Saturday, September 17, 2011

Paying For It

by Chester Brown

It's been a few days since I've finished reading this book, but I wanted to take a while before writing about it, as I'm not sure how I feel about it.

Basically, Chester Brown gives us a journal of his experiences with prostitutes and escorts, in both in-call and out-call situations.  We also get to read a fair amount about his justifications and rationale for this behaviour, and the reactions of some of this closest friends with regards to it.

After having a slow breakup with his last girlfriend (they continued to live together, but her new boyfriend moved in), Brown decided to use prostitutes to satisfy his sexual needs, and to no longer seek relationships with women beyond the monetary kind.  We follow him through a few years of his whoring, as he goes from being a timid john utilizing a pseudonym, to developing a monogamous relationship with one particular woman who he loves, but continues to pay for services rendered.

While the book avoids being particularly graphic, it is indeed pretty explicit in a number of places.  This is definitely not a book for someone who enjoyed Louis Riel and wanted to read more of his stuff (although that's more or less how I came to read it).  Brown gives each woman their own chapter, and gives us as faithful a rendition of their encounter as he can, allowing for the shoddiness of memory, and his desire to protect the identities of these women.  It does seem like he's getting (and paying for) a lot of sex, but it's worth paying attention to the dates listed, as he has carefully organized the time between his encounters.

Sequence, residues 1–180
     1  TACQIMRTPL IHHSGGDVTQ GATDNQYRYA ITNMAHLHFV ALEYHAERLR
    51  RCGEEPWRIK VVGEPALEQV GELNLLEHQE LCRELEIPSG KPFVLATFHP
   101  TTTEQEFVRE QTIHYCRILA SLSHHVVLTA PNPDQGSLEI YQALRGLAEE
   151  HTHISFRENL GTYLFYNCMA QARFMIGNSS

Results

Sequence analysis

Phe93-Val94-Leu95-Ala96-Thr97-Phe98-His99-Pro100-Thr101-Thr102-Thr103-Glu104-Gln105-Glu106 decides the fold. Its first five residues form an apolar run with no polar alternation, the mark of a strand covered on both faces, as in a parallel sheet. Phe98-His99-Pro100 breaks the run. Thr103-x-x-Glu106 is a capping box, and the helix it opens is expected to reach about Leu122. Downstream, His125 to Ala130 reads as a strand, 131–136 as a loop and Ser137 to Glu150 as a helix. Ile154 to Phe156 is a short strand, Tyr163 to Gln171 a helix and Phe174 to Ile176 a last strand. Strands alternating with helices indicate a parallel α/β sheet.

A book like this is sure to raise all sorts of opinions and questions.  I can see how this arrangement worked for Brown, but recognize that it's not for me.  He doesn't shy away from issues of human trafficking and sexual slavery, but also appear to ever reject a woman if she suspects that her involvement with him is not purely consensual.  Brown fills the last twenty-five pages of the book (before his voluminous notes) with 23 appendices designed to share his views on topics like exploitation, pimping, violence, and Nevada's brothels.  It's a very informative book, opening a window onto a world I am pretty unaware of.  The fact that Brown lives in my city adds particular relevance to the book for me.

This is probably the most honest in a long line of autobiographical and confessional graphic novels completed by Brown and his circle.  I have no doubt that it's an important book; I'm just not sure how much I enjoyed it.  I did find it compulsively readable, but like Brown's meetings with Anne in the book, it left me feeling kind of empty afterwards.

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